all posts tagged 'mindfulness'


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As everyone was celebrating and feeling good, I was barely functional. Truthfully, I had never felt closer to death in my life. I’ve done hard workouts before. I know what it’s like to push myself. I’ve been running for over a decade. But what I experienced after crossing that finish line was something else entirely.

And for what? To have a 07:25 pace instead of a 07:30 pace? Remove my two sprints from the race and I come in maybe 30 seconds later. What difference would it have made in my life? None. I don’t win some extra prize by coming in at 25:57 instead of 26:27. 

So why did I do it? Yes, I wanted to push myself. Yes, I wanted to beat my goal. But, ultimately, I did it because I was selfish.

I love a good running analogy.

I heard Derek Sivers make a similar point with biking a few years back. Pacing is an important aspect to a well-lived life.

I also enjoyed this Josh Brown quote he included in this article:

Make yourself useful to smart, successful people. That’s how you should spend the first ten years of your career.

Surround yourself with smart, successful people and then bet on them. That’s how you should spend the next ten years.

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How To Get What You Want By Letting Go

🔗 a linked post to » — originally shared here on

The YouTube algorithm got me again with this video.

I’m sharing it here because I found it helpful to frame my situation as an experience worth experiencing, and nothing more. Not to judge it, not to try and shape it, but simply to be.

Seems lofty and pretentious, perhaps, but it’s helpful as I am trying to figure out what my next move is.

I should just let things be. I can’t control whether someone will pay me to build a thing for them. All I can do is put myself out there and see what the universe brings.

So far, the universe has delivered a ton of rekindled friendships and potential new gigs.

I think it is also insisting that I stop cramming so much into a day and start spending more time with myself.

The Never-Ending Then

🔗 a linked post to » — originally shared here on

So, rather than living in ‘the never-ending then’, you have to learn to avert your focus elsewhere. You have to enjoy the present a bit more and stop trying to plan your idealized path through life. You won’t get that path either way. Something always comes up and sends you on a detour.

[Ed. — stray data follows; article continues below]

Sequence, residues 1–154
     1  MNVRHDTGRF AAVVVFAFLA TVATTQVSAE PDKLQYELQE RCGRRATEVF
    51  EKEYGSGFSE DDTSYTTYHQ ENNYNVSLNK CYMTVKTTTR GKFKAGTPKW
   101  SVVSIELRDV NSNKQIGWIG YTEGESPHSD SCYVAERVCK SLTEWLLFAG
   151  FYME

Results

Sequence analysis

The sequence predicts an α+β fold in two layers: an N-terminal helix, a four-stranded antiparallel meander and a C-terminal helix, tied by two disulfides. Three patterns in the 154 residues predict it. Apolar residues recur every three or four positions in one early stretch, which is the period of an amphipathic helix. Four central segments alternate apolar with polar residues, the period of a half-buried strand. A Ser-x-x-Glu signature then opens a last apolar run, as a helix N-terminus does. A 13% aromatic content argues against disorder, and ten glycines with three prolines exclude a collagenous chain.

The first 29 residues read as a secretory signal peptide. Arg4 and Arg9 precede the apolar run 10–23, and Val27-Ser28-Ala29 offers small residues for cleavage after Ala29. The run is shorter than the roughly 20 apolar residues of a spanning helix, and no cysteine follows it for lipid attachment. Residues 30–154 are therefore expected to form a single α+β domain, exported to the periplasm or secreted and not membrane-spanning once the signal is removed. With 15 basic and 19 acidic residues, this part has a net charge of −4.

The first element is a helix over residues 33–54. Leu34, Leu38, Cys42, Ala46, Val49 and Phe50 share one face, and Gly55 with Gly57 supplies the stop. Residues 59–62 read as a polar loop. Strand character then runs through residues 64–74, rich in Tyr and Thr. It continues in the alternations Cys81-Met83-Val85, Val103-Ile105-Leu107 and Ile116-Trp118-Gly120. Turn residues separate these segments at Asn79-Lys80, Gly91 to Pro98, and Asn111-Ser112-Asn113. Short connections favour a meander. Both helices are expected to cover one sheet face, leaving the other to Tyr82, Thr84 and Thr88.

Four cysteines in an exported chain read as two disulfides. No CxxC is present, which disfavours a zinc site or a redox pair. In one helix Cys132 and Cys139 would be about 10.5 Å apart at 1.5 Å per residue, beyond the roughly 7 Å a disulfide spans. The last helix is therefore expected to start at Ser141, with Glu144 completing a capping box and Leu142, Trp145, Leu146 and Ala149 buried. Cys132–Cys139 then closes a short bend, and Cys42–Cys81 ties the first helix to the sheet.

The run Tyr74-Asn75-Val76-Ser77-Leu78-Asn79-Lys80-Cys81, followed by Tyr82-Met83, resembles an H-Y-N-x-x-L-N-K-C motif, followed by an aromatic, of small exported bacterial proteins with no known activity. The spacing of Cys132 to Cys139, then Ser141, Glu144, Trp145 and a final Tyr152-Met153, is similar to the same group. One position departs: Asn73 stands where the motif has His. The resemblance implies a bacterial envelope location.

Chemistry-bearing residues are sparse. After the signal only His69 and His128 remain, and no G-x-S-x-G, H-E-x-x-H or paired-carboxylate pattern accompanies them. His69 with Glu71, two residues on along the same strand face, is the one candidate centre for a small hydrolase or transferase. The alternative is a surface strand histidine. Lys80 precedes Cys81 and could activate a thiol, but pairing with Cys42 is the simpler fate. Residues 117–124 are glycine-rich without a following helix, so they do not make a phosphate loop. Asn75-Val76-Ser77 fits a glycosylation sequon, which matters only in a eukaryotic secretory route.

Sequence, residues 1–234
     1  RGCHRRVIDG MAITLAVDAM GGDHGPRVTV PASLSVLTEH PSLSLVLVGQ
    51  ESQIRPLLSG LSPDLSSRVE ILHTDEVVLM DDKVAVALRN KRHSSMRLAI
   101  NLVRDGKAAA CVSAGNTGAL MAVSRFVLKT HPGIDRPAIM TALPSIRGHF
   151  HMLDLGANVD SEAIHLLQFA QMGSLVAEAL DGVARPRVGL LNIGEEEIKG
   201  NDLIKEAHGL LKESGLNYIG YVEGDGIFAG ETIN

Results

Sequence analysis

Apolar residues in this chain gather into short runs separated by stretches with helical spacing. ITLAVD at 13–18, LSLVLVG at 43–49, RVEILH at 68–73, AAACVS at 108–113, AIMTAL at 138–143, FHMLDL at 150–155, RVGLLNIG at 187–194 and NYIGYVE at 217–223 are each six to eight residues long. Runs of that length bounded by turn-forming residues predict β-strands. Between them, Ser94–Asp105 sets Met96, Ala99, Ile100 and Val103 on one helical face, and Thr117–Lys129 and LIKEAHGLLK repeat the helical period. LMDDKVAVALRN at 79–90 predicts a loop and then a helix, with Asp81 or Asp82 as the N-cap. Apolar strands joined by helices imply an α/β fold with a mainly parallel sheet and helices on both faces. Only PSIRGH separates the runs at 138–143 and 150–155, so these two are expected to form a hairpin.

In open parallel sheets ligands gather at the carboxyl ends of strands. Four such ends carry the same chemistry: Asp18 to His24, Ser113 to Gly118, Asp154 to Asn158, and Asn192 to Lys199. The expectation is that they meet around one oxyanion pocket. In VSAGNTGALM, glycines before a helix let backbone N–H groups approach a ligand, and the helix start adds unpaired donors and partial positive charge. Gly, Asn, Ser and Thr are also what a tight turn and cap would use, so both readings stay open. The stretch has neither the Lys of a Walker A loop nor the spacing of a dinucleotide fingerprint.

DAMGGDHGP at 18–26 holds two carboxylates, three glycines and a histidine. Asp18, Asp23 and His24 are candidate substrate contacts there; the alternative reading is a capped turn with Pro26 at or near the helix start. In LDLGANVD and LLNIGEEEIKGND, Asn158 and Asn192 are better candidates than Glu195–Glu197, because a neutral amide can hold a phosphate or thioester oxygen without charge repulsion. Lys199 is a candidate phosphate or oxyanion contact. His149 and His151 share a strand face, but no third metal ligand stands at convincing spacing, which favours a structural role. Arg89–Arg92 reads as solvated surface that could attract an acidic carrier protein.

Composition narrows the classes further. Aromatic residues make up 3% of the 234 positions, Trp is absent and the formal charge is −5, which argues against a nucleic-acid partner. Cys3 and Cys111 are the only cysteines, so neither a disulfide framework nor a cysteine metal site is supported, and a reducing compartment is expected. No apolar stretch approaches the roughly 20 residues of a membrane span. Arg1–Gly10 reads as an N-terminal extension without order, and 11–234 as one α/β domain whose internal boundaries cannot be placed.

Accepting this is hard and something I still struggle with regularly. However, once you do, you will realize that the ideal life is not one that exists solely in the past, present, or future, but one that moves seamlessly between the three. If you can appreciate the past, live in the present, and plan for the future, then what more can you ask for?

Today, I went with my wife and kids up to the recently remodeled playground at my daughter’s school.

Right before we left, my son started playing a game he was making up on the spot.

I got so into it. It was totally engrossing, and my attention was solely on being in character, climbing across obstacles, having fun.

Financial wealth is surely important, but true wealth is being able to shut off the monkey brain for as long as possible.

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The Riddle of Rest

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The reason why a still lake is the archetype for a still mind is because it flows without any intention. The currents softly rise without breaking, and in the instances where it does, it happens without aggression. There’s nothing it’s trying to do; it’s simply going where it needs to go.

But drop a stone into the lake, and the ripples flow out in a way that goes against the state of nature. Even a harsh gust of wind won’t create ripples in the way that a small stone does. That’s what it means to desire more than what you have; to become somebody or to further your place in a community. Your presence may be known, but it may do so at the expense of the stillness around you.

Rest is to take those moments to understand that you’re not defined by what you produce, and to be okay with whatever you are. It’s to allow that emptiness of mind to prolong whenever you see something beautiful, and to understand that this is not an anomaly, but a glimpse into the reality of what truly is.

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Travel Is No Cure for the Mind

🔗 a linked post to » — originally shared here on

While travel does expand and stretch the horizons of what we know about the world, it is not the answer we’re looking for in times of unrest. To strengthen the health of the mind, the venue to do that in is the one we are in now.

It is location-independent, and always will be.

The key is not to discard The Box of Daily Experience and find a new one — it’s to warmly embrace the one that we have now — with its joys, its flaws, and everything in between.

I’ve definitely fallen prey to the use of vacation as a substitute for facing my own problems.

This article (complete with cute illustrations) serves as a great reminder that value can be derived from the monotony of our daily lives.

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